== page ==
Bankruptcy Chapter 7 and 13

Essay by FrogmenCollege, UndergraduateA+, November 2007

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Thousands of people and businesses file for bankruptcy each year in the United States. Bankruptcy is broken up into several different chapters and the most common chapter is the Chapter 7 liquidation bankruptcy law, which is better known as straight bankruptcy. When people file for Chapter 7 bankruptcy their personal property is sold for cash and then evenly dispersed to the all the collecting creditors. Anyone can file for Chapter 7 bankruptcy including corporations, partnerships, and individuals. To file for Chapter 7 bankruptcy there is a strict set of procedures that someone must follow. The first major step and the most important is to file a petition with the bankruptcy court (Cheeseman, 2006).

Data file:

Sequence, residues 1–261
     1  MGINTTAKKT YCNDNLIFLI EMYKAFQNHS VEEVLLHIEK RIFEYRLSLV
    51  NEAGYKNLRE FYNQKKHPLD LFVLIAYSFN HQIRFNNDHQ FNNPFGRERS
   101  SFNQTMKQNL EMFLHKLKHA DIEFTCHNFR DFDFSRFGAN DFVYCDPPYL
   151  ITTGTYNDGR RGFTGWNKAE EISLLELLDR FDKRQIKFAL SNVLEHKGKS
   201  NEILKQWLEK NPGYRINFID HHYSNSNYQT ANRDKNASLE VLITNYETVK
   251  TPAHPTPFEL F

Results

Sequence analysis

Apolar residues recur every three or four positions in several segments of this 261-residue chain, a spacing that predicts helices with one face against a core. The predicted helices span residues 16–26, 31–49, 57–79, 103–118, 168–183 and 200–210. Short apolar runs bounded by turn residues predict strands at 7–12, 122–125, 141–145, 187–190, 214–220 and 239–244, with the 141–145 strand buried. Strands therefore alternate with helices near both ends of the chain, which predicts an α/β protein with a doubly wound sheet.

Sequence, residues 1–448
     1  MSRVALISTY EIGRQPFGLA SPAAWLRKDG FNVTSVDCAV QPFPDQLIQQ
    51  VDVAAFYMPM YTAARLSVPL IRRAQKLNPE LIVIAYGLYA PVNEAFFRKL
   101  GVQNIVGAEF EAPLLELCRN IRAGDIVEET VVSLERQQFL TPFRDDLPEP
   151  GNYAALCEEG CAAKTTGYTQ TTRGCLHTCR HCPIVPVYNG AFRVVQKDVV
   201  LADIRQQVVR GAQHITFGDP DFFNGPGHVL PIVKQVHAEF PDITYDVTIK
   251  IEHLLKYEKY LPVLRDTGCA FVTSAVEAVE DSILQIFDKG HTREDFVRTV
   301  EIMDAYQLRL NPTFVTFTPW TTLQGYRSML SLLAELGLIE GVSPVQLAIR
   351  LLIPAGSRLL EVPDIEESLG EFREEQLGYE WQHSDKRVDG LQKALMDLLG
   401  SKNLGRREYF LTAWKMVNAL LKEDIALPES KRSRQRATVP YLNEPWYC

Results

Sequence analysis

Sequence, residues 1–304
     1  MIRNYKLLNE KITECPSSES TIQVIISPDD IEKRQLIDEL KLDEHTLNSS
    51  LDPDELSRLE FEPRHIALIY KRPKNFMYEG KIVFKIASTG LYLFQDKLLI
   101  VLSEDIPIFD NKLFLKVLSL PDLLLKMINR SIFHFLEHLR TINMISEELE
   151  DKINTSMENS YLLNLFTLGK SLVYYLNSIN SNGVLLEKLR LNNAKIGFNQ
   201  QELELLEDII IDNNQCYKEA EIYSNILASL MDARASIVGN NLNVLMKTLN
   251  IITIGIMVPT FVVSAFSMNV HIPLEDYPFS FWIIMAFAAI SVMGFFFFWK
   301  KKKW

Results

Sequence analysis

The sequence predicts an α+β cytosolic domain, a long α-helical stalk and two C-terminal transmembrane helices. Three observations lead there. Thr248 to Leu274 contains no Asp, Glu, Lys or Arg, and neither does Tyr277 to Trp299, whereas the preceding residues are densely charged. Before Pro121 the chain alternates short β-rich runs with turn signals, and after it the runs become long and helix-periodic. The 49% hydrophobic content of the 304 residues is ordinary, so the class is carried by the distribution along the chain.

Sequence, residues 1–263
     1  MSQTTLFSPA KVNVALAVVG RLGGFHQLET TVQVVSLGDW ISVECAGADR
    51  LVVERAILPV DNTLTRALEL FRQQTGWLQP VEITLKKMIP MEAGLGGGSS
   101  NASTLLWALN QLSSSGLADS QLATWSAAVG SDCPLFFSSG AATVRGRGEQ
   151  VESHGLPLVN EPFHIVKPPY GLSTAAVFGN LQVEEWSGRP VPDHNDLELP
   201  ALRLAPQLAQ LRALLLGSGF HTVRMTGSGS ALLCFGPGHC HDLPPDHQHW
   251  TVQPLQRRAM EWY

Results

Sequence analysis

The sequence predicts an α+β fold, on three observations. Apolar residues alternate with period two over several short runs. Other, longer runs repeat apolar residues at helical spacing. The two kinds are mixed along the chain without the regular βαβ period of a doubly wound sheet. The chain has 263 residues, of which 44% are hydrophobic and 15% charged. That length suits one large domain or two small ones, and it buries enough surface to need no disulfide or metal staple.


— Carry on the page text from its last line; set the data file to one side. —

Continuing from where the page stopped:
There is a new bankruptcy law that is now in effect dealing with Chapters 7 and 13 bankruptcy laws. The old law stated that filers could decide on which type of bankruptcy they wish to file either Chapter 13 repayment or Chapter 7 liquidation of the outstanding debt.

The new law states filers that have a higher income will not be permitted to file for Chapter 7 bankruptcy. The filers will instead have to file Chapter 13 bankruptcy law that requires repayment of least some of their debt (NOLO, 2007).

There are many different reasons people and businesses file bankruptcy. One of the major causes for people to file for bankruptcy is to make all their existing debt to disappear. By filing Chapter 7 bankruptcy they are wiping out their existing debt to start fresh with out any debt. People would rather file bankruptcy rather than foreclosing on their home. If someone can not pay their car bill or other personal property loans they file bankruptcy to prevent their personal items from being repossessed. There are many other reasons people may choose to file bankruptcy to prevent...